Chairman Peterson continued to disgrace his office by leaving the committee hearing not wanting to address the many parents on his actions. As most of us followed him to his office, he clearly did not want to talk to the parents. Rather than address the parents and answer questions, he locked the door to his office to prevent his constituents from talking with him. Closing the door to discuss matters with individuals can be and will always be respected. But when a legislator locks the doors to his office, he has clearly stepped over the line. The media have reported on this fact and the story has now been released on the AP.

Mr. Speaker, for the last several months, we have directed our ever growing number of parents and family members to respect the office and the legislative process of committees. We have been polite and courteous to all members, recognizing them as our elected officials. We have complied with this process for every step of Nick’s Law. However, when a legislator or the House Leadership clearly does not respect the citizens and voters of this state, then we have the situation that you find yourself in today.

For the last two years, I have personally met with many of the legislators and provided information on autism, the costs associated with this epidemic, and what will happen to the state of Oklahoma if we continue on our current path. I have traveled to their local districts this past summer and fall, or met with them at the capitol. Some of the legislators would not accept the data, facts, and studies that show the related costs associated with insurance coverage of autism. But most of them have embraced this epidemic and wanted to become more educated. Most of the legislators were startled on the financial devastation of the family, and the upcoming financial nightmare when the state has to start paying for the care of these children who will soon be eligible as adults for state welfare.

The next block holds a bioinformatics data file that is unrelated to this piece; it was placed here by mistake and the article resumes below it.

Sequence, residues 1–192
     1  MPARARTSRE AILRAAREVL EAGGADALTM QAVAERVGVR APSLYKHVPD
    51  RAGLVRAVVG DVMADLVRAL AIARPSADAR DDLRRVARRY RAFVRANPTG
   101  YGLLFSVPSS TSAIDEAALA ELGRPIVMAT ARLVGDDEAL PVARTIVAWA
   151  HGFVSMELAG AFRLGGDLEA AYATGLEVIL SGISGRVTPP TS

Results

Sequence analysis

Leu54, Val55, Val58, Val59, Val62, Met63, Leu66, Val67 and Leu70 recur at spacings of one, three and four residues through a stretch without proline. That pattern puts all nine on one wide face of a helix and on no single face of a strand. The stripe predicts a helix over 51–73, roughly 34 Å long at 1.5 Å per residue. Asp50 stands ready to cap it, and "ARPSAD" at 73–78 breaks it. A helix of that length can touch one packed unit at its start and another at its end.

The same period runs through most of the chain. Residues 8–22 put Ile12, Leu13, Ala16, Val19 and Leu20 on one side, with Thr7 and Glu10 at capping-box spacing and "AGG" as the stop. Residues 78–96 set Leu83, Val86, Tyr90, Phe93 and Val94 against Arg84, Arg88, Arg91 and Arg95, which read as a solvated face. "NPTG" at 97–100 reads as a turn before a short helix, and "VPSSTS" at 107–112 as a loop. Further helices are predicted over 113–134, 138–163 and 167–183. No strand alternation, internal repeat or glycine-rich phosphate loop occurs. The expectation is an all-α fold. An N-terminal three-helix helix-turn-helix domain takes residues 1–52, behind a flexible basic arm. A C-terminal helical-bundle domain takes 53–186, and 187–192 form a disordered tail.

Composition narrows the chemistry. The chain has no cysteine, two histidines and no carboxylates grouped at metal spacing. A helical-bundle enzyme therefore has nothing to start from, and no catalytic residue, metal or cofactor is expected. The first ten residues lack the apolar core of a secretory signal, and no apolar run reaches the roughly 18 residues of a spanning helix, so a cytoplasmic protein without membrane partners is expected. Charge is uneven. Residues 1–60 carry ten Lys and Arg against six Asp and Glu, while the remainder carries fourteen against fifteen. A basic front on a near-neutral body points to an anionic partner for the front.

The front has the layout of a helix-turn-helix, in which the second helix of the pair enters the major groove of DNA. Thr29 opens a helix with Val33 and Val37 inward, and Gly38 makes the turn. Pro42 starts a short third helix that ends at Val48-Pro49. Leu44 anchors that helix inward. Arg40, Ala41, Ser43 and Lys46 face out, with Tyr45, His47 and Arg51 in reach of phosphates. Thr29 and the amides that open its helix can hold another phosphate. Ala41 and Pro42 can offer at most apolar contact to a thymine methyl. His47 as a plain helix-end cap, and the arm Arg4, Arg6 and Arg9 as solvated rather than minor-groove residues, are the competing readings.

Chairman Peterson is quoted not less than 12 times in the past 2 weeks stating that he is concerned about the costs associated with Nick’s Law. He is convinced that this legislation will increase the number of the uninsured. He states that he does not want the number of uninsured to go up. Mr. Speaker, I have sent him the necessary information several times over the course of the last 8 months. Today, he stated that he wants to study this issue. He refused to allow a public hearing to discuss this measure. He refuses to accept a meeting to discuss the data, yet in a matter of a couple minutes, the staff can produce an unsubstantiated figure of $ 6 million dollars that the state will have to pay for the cost of covering state employees.

Mr. Speaker, I want to inform you that there are now 18 states that have some form of insurance coverage for autism. Arizona just passed this legislation last month. Indiana was the first in the nation in 2001. The Insurance Commission established a study group to monitor the costs of mandates in 2002. They have reported as of last month, there has been no increase in health care insurance premiums related to autism insurance, nor any increases in the number of uninsured. Yet, Chairman Peterson conveniently forgets this information in his public statements.

I am willing to have a personal meeting with you and the chairman to discuss this in greater detail. I look forward to having a meeting with you in the next couple of days and receiving a formal apology regarding the actions of the House Leadership and Chairman Peterson.


Wayne Rohde,